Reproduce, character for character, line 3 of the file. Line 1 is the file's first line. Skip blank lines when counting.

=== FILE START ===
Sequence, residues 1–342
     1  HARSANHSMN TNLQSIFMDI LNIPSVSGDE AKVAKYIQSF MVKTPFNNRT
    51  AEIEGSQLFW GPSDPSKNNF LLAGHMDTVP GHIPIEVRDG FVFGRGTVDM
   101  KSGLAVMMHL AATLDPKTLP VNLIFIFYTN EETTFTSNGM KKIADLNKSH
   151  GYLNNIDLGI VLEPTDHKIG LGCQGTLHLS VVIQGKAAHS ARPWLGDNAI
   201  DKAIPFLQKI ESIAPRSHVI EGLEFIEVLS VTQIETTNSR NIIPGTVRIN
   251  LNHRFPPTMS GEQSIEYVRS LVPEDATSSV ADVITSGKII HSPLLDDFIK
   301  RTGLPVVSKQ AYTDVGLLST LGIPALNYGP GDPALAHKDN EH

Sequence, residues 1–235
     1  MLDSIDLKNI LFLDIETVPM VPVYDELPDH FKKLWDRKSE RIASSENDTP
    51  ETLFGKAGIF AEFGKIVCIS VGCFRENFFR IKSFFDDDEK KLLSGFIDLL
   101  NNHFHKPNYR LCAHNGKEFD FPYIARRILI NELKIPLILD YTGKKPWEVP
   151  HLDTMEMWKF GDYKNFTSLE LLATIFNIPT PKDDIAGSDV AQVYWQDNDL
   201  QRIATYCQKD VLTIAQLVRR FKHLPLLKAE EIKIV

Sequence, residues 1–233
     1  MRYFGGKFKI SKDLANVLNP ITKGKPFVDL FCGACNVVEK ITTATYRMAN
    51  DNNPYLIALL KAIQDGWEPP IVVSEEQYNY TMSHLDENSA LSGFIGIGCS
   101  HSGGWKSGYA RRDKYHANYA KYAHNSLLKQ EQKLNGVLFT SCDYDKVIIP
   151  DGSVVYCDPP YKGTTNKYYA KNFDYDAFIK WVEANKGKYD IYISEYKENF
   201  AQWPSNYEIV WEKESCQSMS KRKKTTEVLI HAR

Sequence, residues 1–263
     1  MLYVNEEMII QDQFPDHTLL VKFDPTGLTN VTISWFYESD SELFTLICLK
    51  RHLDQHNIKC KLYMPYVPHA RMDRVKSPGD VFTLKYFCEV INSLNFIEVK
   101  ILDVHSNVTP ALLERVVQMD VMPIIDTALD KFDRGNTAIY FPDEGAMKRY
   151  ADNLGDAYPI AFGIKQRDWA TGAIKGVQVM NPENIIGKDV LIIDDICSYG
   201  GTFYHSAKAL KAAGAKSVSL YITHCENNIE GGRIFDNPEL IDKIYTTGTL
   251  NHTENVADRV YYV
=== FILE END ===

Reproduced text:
    51  AEIEGSQLFW GPSDPSKNNF LLAGHMDTVP GHIPIEVRDG FVFGRGTVDM